Africa Defense Forum
ADF is a professional military magazine published quarterly by U.S. Africa Command to provide an international forum for African security professionals. ADF covers topics such as counter terrorism strategies, security and defense operations, transnational crime, and all other issues affecting peace, stability, and good governance on the African continent.

Angola Moves Toward a Mine-Free Future

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After three decades of civil war, Angola is left with a deadly legacy: land mines. Although fighting ended in 2002, Angola remains one of the most heavily mined countries in the world. Land mine explosions killed 76 people in 2019.

An estimated one-fifth of the country’s population lives in areas with mines, which affect every aspect of their lives.

“Land mines not only kill and maim innocent people, but also isolate communities from basic needs such as water sources and travel routes and productive land crucial for growing crops and grazing livestock,” the demining group APOPO said.

The country set a goal of removing all mines by 2025 and made significant progress by removing and destroying nearly 10,000 explosive devices in 2019. But it has experienced setbacks due to lost revenue from dropping oil prices and the economic recession caused by COVID-19.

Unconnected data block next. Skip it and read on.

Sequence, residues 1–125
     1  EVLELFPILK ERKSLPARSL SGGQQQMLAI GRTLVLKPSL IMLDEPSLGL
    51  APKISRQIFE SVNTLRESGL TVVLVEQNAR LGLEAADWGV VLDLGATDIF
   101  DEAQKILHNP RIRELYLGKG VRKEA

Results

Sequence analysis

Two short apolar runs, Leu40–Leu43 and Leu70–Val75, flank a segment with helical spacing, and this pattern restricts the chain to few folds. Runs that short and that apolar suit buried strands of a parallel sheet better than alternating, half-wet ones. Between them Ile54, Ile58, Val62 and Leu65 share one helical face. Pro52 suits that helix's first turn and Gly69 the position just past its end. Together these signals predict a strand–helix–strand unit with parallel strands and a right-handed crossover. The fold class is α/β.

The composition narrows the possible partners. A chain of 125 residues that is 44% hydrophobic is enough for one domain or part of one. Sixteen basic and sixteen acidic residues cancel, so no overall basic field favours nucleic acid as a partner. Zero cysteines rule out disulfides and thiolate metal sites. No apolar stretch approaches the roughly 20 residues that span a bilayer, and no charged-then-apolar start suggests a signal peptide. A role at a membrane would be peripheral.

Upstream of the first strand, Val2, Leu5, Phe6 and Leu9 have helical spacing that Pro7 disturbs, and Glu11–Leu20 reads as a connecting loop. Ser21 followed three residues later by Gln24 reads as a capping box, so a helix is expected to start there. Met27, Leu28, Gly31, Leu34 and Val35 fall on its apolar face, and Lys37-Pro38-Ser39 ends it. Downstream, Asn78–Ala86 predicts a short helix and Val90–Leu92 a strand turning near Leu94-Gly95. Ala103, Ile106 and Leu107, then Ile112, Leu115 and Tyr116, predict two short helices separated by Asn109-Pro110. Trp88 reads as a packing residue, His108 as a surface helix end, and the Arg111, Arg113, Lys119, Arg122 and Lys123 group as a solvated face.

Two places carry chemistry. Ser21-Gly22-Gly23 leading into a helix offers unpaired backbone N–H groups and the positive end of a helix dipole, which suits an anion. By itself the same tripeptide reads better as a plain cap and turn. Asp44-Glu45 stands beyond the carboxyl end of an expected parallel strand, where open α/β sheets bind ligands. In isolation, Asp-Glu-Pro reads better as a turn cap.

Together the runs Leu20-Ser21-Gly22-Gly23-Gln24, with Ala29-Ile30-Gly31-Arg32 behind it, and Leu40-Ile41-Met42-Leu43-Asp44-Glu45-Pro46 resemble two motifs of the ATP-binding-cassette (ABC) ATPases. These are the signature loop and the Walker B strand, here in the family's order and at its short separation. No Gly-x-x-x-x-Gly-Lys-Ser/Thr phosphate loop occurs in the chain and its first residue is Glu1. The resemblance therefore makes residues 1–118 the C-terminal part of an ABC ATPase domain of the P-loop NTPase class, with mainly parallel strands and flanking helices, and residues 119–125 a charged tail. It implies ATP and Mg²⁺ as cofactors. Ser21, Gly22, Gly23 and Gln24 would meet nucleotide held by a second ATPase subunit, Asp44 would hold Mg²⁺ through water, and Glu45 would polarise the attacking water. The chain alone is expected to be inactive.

To help keep Angola on track, the United States is donating $11.1 million for demining and weapons stockpile management. Since 1995, the U.S. has contributed
$145 million to these causes in Angola.

“Twenty-five years of committed U.S. support for humanitarian demining has resulted in the destruction of over 218,000 land mines and other explosive hazards, and the safe return of over 463 square kilometers of land to the people of Angola,” U.S. Ambassador to Angola Nina Marie Fite said.

Part of the funding will help rehabilitate and build 16 storage facilities for weapons and munitions and train experts in stockpile management. Since 2006, the U.S. has helped Angola destroy nearly 108,000 excess weapons and 588 metric tons of obsolete and unneeded ammunition.

One of the groups supported by the funding, HALO Trust, has recruited and trained all-female demining teams in the country. HALO’s 100 Women in Demining project offers empowerment and opportunity to women from low-income areas, many of them single mothers.

“The difference we make to the community is huge because people can go about their lives. They are much happier because they feel safe,” Rita Kassova Kachiponde, a deminer, said in a HALO Trust video. “I will feel very, very happy when Angola is cleared of mines.”

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